Our post from last December, Why Do the People and Government of Florida Honor Judah P. Benjamin at the Gamble Plantation State Park? has drawn a few comments. Here’s the most recent:
You do realize many blacks freely served [in] the confederacy and owned slaves. Your rhetoric is boring!!
To this I replied:
How would it have been possible for a black slave to “freely” serve in the Confederate army? A slave could not freely do anything.
You are misinformed about black Confederate soldiers. The idea of arming black men was horrifying to Southern white people, to the leaders of the Confederacy, and to Confederate soldiers. The Confederacy only began to enlist black men bearing their owner’s manumission papers, in the final weeks of the war out of desperation. Only a few dozen were enlisted, and they did not take part in combat.
I’ll write a blog post about this for you and our readers.
Here’s the promised blog post.
That black men, free and slave, served in Confederate Armies is widely believed among defenders of today’s Confederate monuments and the display of Confederate flags. Many of those who testified to the Hillsborough County Council that the local monument is not racist asserted that people of many nationalities, including blacks, served in rebel armies. One displayed a photograph of a black man in Confederate gray uniform. I couldn’t find that photograph, but here’s another:
While I’m happy to write what I know about this issue, which is that the Confederate government and Army did not enlist black men, slave or free, until the last few weeks of the war, I have some useful links to professional scholarship.
General Cleburne’s Radical Plan is an essay in the New York Times’ wonderful series in which they had a professional historian write an essay each day about events 150 years ago, to the day, in the Civil War. Although the essay centers on the General’s plan, historian Phil Leigh discusses the entire issue. In January 1864, General Cleburne presented what we would call a white paper to the other senior officers of his army, meeting in northwest Georgia. They were defending Georgia against General Sherman and his men. Considering the circumstances of the war, such as the terrible Confederate defeats at Gettysburg and Vicksburg, Cleburne proposed that the Confederate Army enlist black men. Of course, they would have to be offered freedom in return. This proposal was scandalous to such a degree that all officers present were sworn to maintain the secret as the document went to Richmond for consideration by the Confederate government.
This proposal was turned down, and Jefferson Davis ordered all copies of the document destroyed. By chance one copy survived, and it was discovered decades later. Typical remarks, I’m not quoting but writing from memory of books I’ve read, were like this: If black men can be good soldiers, then our entire theory of this war is wrong!
In the last months of the war, at the end of 1864 and early in 1865, the Confederate government in desperation for men debated and approved a plan to enlist slave men. Such a man required the approval of his master had to be accompanied by his manumission papers. In many of the Southern states, freeing slaves was illegal. A few dozen slaves, now free, in Richmond were enlisted in March 1865 and began training. But the Confederate government and the Army of Northern Virginia abandoned Richmond at the beginning of April and the army surrendered on April 9. None of these slaves ever saw combat.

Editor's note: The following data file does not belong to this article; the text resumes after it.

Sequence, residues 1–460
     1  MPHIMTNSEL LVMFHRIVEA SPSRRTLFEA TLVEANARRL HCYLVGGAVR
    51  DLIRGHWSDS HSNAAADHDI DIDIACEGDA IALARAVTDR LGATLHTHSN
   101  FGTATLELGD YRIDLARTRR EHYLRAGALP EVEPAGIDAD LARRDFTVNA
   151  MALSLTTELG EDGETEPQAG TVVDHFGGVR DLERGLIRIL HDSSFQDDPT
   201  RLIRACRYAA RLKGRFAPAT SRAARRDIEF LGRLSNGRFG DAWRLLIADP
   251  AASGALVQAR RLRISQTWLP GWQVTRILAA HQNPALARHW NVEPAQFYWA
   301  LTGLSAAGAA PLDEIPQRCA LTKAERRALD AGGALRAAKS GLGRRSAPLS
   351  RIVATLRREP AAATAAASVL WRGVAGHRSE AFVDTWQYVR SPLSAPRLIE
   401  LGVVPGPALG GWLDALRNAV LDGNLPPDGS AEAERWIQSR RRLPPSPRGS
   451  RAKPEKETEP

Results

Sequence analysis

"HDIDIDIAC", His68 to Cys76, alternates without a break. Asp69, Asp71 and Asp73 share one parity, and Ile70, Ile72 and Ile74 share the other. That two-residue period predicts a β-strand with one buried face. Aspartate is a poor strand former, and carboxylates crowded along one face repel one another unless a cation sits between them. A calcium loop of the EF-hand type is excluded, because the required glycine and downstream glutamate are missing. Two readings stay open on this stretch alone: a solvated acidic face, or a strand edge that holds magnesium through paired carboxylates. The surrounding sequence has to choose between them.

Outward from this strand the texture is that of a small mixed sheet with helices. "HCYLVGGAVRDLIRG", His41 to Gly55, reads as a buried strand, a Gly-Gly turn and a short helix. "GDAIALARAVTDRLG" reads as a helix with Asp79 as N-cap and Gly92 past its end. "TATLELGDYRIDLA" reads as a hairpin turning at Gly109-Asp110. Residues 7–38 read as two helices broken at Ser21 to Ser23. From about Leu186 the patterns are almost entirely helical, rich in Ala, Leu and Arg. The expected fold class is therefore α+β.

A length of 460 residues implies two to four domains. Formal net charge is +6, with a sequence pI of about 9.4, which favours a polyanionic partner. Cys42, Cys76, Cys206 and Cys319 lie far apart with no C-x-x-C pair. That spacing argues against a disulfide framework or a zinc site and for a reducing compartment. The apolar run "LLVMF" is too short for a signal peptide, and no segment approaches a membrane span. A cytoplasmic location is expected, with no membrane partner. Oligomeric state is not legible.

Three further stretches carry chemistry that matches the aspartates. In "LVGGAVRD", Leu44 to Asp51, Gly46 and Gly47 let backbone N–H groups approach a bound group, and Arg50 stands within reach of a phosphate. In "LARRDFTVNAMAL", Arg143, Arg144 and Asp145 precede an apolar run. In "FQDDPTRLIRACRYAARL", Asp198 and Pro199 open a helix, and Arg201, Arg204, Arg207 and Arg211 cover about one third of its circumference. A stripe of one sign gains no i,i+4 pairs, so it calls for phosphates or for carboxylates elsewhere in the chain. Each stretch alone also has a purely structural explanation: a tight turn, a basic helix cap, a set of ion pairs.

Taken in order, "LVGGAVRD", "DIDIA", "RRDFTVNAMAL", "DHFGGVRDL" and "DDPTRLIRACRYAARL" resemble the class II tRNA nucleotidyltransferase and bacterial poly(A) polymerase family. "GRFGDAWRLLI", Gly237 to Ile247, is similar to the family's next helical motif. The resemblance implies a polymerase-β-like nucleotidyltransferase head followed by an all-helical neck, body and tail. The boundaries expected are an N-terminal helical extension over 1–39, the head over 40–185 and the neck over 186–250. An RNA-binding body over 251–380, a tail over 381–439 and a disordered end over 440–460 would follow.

Many black slaves were with Confederate Armies, but were not soldiers. Wealthy men, slave owners, who served as officers might bring one of their slaves as a personal servant. These are the usual black men rarely shown in photographs wearing a soldiers’ gray uniform. Other black slaves dug trenches, chopped trees, drove wagons, and other laborious tasks.
There are a few other unusual cases. In New Orleans at the beginning of the war in 1861 a militia unit that included Creole men and free black men offered their services to the Confederacy. The government turned them down and disbanded them. The Union Navy captured New Orleans in May 1862, and most of Louisiana was controlled by the Union for the rest of the war. This militia unit reassembled and was enlisted in the Union Army. Other black men from Louisiana, free or escaped slaves, served in the United States Colored Troops regiments once they formed.
But not in the Confederate Army.
Where did the story arise that black men “freely”, as the commenter reports, serve in the Confederate Army. It’s a modern idea, part of the modern version of the Lost Cause. Here’s a good article that discusses the origins of this falsehood. The photograph I posted here leads this article, but is not otherwise described.
This photograph and the two men in it are the subjects of a charming and informative History Detectives show on PBS, “Wearing the Confederate Uniform: Slave or Soldier?
The detective tracks down and meets with descendants of the two men, great-great-grandchildren. The family stories, according to both men, are that the white man had freed his black slave, who then accompanied him to war as a soldier. These genial modern men want to know if their family stories are true. Watch the video, which is good, clear, and interesting. You’ll see census records, deeds, listen to historians describing the photograph, and talking about soldiers of that time. In short, the black man was certainly a slave at the time of the photograph. His weapons likely handed him for the photograph. He had accompanied his master to war, but not, himself, to combat. The Confederate Armies did not enlist black men. Other parts of the family stories turn out to be partly correct. It was illegal to free a slave in Mississippi in the 1860s.
Thus, commenter takebackUS is misinformed. As to his value as a critic of our blog’s merits, I leave to our readers.